Creamy aioli gets a flavor upgrade with tarragon and lemon. A perfect condiment for grilled vegetables, meat, and sandwiches.
'sauce' on Serious Eats
Creamy aioli gets a flavor upgrade with sumac and mint. A perfect condiment for grilled vegetables, meat, and sandwiches.
Creamy aioli gets a flavor upgrade with spicy harissa. A perfect condiment for grilled vegetables, meat, and sandwiches.
For this easy barbecue sauce, a ketchup base is spiked with a half cup of strong coffee, freshly grated ginger, a little dark chocolate, and molasses. Just a hint of smoked paprika builds an extra layer of aromatic mystery.
Why relegate Buffalo sauce to chicken wings? Here, we've borrowed those flavors—namely, Frank's Red Hot Sauce and butter—and worked them into a slightly thicker ketchup base. A pinch of celery salt adds a subtle reminder of the carrot and celery sticks typically served with Buffalo wings, while a splash of cider vinegar helps keep the sauce more firmly in the tart zone where it belongs. Not totally unlike Lexington Dip, this is a slightly thinner, vinegary sauce that's meant as more of a topping than a glaze.
Not to be confused with any of the traditional sauces or marinades used in Korean barbecue, this is a sauce that combines funky Korean flavors like kimchi and gochujang (Korean chili paste) with a barbecue sauce-style ketchup base. It's delicious on grilled chicken, pork, and shellfish like shrimp.
This deeply flavorful sauce, made from both fresh and dry mushrooms, tomatoes, white wine, and aromatic vegetables, is so hearty, you won't believe it contains no meat. It's delicious on pasta or polenta.
For my money, the very best classic steak sauce you can make at home, a sauce that will wow your guests with its flavor and elegance, and—most importantly—a sauce that can be made start to finish in under half an hour, is béarnaise. The catch (there's always a catch) is that made with the classic technique, it's very easy to mess up. Here is a foolproof technique that uses hot butter and a hand blender for perfect results every time.
This no-cook dipping sauce features ponzu, the citrus- and soy-spiked Japanese sauce, that's enlivened with ginger, scallions, and sesame oil. It's reminiscent of teriyaki, but substantially more complex. Try it with dumplings, simply cooked chicken, or steamed or roasted fish.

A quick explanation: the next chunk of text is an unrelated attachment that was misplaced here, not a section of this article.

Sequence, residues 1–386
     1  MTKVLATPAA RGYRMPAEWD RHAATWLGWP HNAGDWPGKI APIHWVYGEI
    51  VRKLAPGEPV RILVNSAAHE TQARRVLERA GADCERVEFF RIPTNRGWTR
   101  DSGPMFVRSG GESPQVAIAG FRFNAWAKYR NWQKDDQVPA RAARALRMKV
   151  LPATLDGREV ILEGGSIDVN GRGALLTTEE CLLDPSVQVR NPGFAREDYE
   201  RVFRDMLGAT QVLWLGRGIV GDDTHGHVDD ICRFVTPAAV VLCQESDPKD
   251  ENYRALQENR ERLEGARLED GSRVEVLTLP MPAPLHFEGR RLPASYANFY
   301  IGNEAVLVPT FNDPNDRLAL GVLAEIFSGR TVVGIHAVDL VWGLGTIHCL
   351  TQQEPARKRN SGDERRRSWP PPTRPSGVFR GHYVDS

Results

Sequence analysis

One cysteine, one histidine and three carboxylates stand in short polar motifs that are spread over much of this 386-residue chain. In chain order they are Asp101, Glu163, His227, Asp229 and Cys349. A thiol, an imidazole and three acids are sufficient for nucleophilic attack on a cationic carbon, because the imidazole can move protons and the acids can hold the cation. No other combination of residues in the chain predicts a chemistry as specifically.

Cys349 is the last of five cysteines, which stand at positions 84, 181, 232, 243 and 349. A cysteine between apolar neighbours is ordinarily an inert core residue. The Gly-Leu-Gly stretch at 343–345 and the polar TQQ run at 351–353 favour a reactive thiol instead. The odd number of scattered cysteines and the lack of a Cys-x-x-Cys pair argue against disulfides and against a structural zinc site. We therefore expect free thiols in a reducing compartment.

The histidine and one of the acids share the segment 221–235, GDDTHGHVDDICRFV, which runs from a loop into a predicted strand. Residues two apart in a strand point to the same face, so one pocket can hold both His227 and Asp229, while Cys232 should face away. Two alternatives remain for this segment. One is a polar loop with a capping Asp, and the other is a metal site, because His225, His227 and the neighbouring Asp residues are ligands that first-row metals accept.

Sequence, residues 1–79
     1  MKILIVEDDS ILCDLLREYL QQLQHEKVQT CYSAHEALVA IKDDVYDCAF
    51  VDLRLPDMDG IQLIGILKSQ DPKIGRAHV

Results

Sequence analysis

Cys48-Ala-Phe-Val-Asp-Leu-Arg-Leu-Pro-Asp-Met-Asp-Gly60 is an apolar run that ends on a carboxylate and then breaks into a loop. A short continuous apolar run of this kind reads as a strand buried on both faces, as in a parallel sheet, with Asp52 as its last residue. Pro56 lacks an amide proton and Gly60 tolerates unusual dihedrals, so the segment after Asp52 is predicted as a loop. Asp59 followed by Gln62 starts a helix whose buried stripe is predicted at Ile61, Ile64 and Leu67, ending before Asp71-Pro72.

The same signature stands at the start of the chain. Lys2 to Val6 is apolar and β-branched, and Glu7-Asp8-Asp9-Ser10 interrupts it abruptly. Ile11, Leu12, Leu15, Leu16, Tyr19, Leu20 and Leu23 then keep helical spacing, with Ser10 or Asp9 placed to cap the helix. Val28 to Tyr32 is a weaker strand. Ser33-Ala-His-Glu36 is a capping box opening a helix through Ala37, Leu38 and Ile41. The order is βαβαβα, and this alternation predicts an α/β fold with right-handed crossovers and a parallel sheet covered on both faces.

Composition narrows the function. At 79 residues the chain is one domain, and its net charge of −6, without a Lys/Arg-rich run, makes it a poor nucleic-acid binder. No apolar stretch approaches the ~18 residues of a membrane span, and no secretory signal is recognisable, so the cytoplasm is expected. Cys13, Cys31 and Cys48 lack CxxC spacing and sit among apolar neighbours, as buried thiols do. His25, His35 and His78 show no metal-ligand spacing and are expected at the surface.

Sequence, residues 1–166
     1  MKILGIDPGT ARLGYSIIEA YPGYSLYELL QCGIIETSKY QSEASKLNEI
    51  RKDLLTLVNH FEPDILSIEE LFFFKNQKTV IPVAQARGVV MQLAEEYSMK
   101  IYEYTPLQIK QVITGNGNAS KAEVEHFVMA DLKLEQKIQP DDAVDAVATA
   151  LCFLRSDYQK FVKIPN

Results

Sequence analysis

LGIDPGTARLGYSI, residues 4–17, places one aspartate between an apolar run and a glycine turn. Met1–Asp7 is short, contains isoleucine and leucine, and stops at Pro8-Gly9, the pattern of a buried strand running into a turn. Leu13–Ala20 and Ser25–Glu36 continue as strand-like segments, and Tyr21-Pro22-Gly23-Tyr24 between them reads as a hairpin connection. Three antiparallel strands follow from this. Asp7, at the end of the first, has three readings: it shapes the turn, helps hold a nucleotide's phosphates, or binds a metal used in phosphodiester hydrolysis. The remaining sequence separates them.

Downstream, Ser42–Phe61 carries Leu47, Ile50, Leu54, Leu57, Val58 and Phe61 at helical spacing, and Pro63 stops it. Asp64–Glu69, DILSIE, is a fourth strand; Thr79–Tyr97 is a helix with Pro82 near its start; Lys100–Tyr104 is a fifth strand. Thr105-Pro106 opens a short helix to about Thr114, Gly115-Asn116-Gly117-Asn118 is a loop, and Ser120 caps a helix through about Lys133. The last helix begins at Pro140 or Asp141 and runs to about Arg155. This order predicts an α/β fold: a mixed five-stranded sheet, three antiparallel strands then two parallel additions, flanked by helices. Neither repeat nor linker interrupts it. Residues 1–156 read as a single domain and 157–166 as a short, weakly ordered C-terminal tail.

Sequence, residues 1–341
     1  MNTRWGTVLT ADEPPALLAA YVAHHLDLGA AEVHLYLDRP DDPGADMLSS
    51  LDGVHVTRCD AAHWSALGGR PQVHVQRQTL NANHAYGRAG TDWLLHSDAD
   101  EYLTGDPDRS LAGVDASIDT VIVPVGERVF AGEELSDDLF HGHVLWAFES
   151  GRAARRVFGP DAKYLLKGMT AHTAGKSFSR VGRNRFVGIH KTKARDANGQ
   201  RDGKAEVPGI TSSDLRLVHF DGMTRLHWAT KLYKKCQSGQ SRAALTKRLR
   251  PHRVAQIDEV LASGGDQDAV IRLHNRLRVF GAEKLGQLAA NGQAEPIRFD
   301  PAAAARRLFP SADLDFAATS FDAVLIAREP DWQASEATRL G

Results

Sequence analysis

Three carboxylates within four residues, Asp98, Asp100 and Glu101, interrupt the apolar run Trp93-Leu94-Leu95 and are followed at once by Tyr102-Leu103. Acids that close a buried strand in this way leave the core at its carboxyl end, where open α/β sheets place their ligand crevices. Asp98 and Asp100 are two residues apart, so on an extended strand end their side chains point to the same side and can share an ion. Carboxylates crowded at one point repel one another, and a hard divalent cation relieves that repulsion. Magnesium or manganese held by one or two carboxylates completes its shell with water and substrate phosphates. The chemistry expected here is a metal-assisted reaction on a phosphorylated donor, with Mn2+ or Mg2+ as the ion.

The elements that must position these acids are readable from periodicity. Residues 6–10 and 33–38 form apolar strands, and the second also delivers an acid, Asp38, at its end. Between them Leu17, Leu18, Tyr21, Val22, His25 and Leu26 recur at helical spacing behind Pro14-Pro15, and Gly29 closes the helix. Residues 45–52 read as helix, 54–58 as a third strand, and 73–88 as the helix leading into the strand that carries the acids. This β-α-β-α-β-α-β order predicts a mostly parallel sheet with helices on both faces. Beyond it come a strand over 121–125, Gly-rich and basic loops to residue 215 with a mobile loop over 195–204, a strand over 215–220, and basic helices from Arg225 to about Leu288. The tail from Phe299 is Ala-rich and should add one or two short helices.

South Asian flavors come together harmoniously in this easy dipping sauce, made by warming red curry paste with coconut milk, then rounding out and boosting their flavors with honey, soy sauce, fish sauce, ginger, and lime. It's perfect as a dip for dumplings, or with poached chicken.
Chinese fermented black soy beans are eye-bulgingly salty and all kinds of funky. Here, its fermented tang is transformed into a delicious dipping sauce with the help of maple syrup, creamy peanut butter, and a little chili oil for some warm heat. It's perfect as a dip for dumplings, and is also delicious with roasted chicken and seared pork chops.
To make this amazing dipping sauce for dumplings, we start with the classic combination of Asian fish sauce, lime juice, and sugar, then punch it up with raw garlic, fresh cilantro, and hot chili flakes. The flavors blend seamlessly into a sauce that's versatile enough to dress a salad, marinate a steak, and, yes, coat your dumplings.
If you've never heard of kimchi paste, you're not alone. It's a simple combination of red pepper flakes, garlic, ginger, sugar, lime juice, water, salt, and fish sauce, but the easiest way to get it is to buy it at Korean grocers and Asian specialty markets, where it's often labeled as "kimchi base." It's punchy and sharp, tangy, and incredibly invigorating. To turn it into a dip for dumplings, we temper it with honey, sesame seeds, and melted butter to create a smooth sauce that's intensely sweet, spicy, buttery, and just a little nutty all at once.
Chinese hot pot is truly communal: Not only do you sit down to eat with all your companions, but you cook the food together in the same pot of simmering broth.
If you were to pick a president and el tigre numero uno of the ragù world, it'd be ragù Napoletano, a meaty stew with big chunks of beef, pork, and sausages simmered until fall-apart tender in a rich tomato sauce flavored with wine, onions, garlic, basil, and plenty of good Southern Italian olive oil. It's the precursor to Italian-American Sunday gravy: just add some meatballs, serve it with spaghetti, and you're there. It's also the perfect dish for a lazy Sunday with family or friends at home.
This pizza sauce from The Kitchn Cookbook: Recipes, Kitchens & Tips to Inspire Your Cooking, by Sara Kate Gillingham and Faith Durand, gets an interesting lift from lemon zest.
Classic aioli is made with nothing but garlic and olive oil pounded in a mortar and pestle. Our updated version uses egg yolks to help bind the sauce along with a hand blender to make it 100% foolproof and extremely quick.
Most produce is a sad sight during the winter, except for citrus. We whipped up this tangerine vinaigrette to celebrate one of the few fruits that's best this time of year. It's delicious on salads, or as a sauce for roasted or grilled fish, pork, or chicken.
A basic gravy gets a mellow mustard bite that goes incredibly well with roast or smoked turkey.
This no-fuss, fail-safe oven-roasted tomato sauce is loaded with bold ingredients: salami, sherry vinegar, kalamata olives, capers and a smashed anchovy, all tied together with olive oil and a touch of white wine. Its secret ingredient? A bit of maple syrup for sweetness. Then, it's tossed with al dente spaghetti noodles and showered with Pecorino and lemon zest.